An online source frowned that some children, whose parents fled from Boko Haram insurrections on their communities to hiding places in the Gowza Local Government Area in Borno State, have died as a result of hunger and malnutrition. Children in states such as Ebonyi, Delta, Benue and Bayelsa were also at risk of acute malnutrition. The Federal Ministry of Health in 2013 admitted that “41 per cent of Nigerian children under age five suffer stunted growth as a result of malnutrition,” whereas Nigeria was said to have gathered in, about N9 trillion in federal revenues in 2012, reported a source.
Not only that, Nigeria as at the year in quote was the sixth largest producer of crude oil in the world.  The Editorial of a national paper, July 28, 2013, affirmed that ignorant parents, who are not acquainted with healthy diets for growing up children, are a major factor in these unhealthy national statistics. The source continued that long years of the neglect of agriculture by the states concerned, which was ignited at the advent of an oil rent-driven economy, widespread poverty and the recent insecurity occasioned by Boko Haram’s terror campaign, also, have seriously eroded the capacity of families in the North to feed the children.
On 2014 World Food Day, the Global Alliance for Improved Nutrition (GAIN), Nigeria, painted the need to scale up successful nutrition interventions in Nigeria. Its fear was that half of women of childbearing age in Nigeria are anemic (62%) and almost a third (29.5%) of children suffer from vitamin A deficiency, a leading cause of childhood blindness. It’s understood that children in Nigeria do not enroll at school earlier due to analysis that suggested that they do not reach their full potential height due to malnutrition. They also do not reach their full potential, academically, due to malnutrition.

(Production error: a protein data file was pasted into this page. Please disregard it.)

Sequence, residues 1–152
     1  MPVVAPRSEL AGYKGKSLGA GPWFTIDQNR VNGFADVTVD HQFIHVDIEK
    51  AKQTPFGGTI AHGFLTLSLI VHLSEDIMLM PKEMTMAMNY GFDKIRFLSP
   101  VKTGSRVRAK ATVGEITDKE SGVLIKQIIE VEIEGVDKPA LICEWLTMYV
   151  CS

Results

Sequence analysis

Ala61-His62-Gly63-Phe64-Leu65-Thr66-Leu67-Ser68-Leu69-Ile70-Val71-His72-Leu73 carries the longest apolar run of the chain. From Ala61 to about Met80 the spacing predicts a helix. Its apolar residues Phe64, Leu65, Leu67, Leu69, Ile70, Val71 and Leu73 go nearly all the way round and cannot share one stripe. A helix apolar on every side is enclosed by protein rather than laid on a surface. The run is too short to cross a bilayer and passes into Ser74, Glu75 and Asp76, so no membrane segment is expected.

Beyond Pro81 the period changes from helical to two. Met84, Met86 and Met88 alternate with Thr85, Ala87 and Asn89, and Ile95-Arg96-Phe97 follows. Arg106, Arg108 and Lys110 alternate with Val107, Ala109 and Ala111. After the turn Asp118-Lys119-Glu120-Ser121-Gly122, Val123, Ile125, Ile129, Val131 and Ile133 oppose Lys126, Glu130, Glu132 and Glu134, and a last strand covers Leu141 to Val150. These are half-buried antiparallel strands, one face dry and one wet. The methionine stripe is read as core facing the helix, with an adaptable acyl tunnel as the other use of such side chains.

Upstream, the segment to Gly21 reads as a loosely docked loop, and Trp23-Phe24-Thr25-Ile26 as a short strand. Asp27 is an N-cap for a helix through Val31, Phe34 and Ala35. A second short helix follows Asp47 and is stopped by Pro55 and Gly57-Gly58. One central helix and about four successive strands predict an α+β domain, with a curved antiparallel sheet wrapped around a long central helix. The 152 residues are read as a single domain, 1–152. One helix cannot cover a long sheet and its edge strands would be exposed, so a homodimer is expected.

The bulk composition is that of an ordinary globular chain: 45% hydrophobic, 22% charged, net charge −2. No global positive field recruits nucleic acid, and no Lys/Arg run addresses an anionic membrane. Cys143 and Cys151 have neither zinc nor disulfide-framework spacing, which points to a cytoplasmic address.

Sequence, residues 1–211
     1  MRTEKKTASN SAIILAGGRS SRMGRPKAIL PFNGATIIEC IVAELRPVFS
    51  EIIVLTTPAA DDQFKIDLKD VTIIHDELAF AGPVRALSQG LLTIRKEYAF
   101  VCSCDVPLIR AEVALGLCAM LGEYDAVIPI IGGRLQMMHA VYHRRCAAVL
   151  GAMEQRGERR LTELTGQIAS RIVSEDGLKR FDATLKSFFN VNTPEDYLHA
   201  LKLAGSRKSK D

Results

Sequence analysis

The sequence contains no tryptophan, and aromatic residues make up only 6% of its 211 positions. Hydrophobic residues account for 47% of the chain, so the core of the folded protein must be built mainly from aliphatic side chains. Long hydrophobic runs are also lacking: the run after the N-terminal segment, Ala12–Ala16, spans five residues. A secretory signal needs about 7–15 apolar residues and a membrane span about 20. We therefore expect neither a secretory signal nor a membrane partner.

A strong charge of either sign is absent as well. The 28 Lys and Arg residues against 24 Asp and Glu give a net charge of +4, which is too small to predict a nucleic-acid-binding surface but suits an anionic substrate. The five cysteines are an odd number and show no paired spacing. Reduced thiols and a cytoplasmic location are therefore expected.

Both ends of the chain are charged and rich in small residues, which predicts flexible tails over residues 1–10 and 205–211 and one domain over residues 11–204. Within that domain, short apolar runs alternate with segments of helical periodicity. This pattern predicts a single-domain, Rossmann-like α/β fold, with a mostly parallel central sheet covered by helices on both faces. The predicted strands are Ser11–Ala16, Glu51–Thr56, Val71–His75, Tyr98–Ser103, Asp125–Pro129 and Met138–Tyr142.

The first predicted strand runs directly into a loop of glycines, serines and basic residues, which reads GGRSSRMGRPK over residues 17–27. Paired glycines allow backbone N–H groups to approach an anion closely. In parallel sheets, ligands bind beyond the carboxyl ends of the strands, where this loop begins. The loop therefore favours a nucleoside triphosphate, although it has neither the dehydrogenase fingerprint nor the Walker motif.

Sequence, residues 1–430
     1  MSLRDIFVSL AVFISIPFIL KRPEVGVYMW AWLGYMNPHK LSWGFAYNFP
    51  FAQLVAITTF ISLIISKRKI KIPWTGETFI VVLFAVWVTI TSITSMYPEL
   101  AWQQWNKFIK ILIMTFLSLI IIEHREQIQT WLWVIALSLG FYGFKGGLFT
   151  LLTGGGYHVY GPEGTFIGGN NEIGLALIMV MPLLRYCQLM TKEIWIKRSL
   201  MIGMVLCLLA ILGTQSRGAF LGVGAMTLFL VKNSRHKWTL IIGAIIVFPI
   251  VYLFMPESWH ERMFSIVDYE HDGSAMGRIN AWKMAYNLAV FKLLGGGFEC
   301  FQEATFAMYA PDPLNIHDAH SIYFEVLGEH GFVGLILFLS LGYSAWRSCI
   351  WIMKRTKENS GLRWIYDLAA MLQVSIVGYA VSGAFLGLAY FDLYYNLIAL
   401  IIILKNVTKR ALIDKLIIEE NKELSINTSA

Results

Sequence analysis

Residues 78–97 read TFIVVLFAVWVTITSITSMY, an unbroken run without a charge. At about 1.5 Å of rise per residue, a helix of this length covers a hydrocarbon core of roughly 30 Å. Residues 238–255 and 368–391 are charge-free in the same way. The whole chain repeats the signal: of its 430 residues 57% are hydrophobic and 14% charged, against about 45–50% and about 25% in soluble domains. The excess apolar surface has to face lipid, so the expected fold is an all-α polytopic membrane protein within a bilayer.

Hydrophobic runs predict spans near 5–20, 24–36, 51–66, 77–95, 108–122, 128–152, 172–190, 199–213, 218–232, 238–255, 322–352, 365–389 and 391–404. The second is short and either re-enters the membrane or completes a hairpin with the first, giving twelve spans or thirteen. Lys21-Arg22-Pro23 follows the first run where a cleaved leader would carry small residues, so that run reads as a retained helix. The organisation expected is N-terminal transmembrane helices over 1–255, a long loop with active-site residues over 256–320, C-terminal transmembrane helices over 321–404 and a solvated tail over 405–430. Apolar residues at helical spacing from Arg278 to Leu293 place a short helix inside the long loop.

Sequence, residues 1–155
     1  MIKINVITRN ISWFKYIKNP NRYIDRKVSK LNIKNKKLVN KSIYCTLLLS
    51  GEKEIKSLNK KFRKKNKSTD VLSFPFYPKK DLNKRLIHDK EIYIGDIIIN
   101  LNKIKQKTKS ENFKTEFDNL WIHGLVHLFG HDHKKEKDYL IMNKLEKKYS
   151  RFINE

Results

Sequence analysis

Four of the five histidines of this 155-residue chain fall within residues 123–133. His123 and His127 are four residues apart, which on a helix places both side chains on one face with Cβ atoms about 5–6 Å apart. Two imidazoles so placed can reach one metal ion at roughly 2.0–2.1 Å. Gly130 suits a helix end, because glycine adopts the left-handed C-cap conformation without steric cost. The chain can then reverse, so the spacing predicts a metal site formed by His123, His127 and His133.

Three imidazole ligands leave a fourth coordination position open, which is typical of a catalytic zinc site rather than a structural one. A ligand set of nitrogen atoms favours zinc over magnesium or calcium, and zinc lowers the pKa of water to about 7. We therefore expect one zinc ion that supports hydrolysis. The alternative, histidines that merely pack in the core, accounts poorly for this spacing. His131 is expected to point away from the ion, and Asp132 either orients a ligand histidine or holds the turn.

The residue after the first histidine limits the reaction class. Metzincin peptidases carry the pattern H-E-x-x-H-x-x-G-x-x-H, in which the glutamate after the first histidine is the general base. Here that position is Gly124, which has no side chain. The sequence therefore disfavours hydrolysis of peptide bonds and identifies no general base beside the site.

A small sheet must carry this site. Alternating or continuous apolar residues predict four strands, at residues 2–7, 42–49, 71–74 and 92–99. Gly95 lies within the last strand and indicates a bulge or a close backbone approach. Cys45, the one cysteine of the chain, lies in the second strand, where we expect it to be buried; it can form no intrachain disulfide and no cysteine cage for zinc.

The information hinged the reasons why Nigerian children are set back, saying that about 29.5% of children under the age of five suffer from vitamin A deficiency. With all these, Nigeria was in the 2013 Hunger and Commitment Index placed on the menu as a ‘very low commitment’ country that was yet to tackle hunger and under-nutrition. According to a testimony by Save the Children, a UK-based charity organization in 2014, titled, A life free from Hunger: Tackling Child Malnutrition, Nigeria was listed alongside India, Bangladesh, Peru and Pakistan as countries faced with malnutrition.
It was observed by the group that about a quarter of parents in Nigeria (27%) appears to be struggling the most, to feed their children. For-this-reason, children go without food for an entire day. According to the World Bank in 2008 on the malnutrition prevalence, weight for age (% of children under 5) in Nigeria was reported at 26.70. Experts analysed that prevalence of child malnutrition is the percentage of children under age 5 whose weight for age is more than two standard deviations below the median for the international reference population ages 0-59 months.
The experts’ data was based on the WHO’s child growth standards released in 2006. The Trading Economics quoted the World Bank as saying that exclusive breastfeeding (% of children under 6 months) in Nigeria was reported at 13.10 in 2008. It defined exclusive breastfeeding as the percentage of children less than six months old who are fed breast milk alone (no other liquids) in the past 24 hours. Also, low-birth weight babies (% of births) in Nigeria were reported at 11.70 in 2008. The source defined low-birth weight babies as newborns weighing less than 2,500 grams, with the measurement taken within the first hours of life, before significant postnatal weight loss has occurred.
Conversely, NSN had suggested that to get out of this conundrum, authorities have to scale-up of community management of severely malnourished children, budget lines at all government levels for nutrition interventions and mechanisms for public-private initiatives targeting nutrition. The body in-addition suggested that the new media should be a vital portal where the nutrition intervention should be taken to, to enable communities have a property feel of the intervention than hosting conferences. A perspective also suggested that government at all levels should begin a sustainable campaign that will educate children and their parents about the importance of a balanced diet.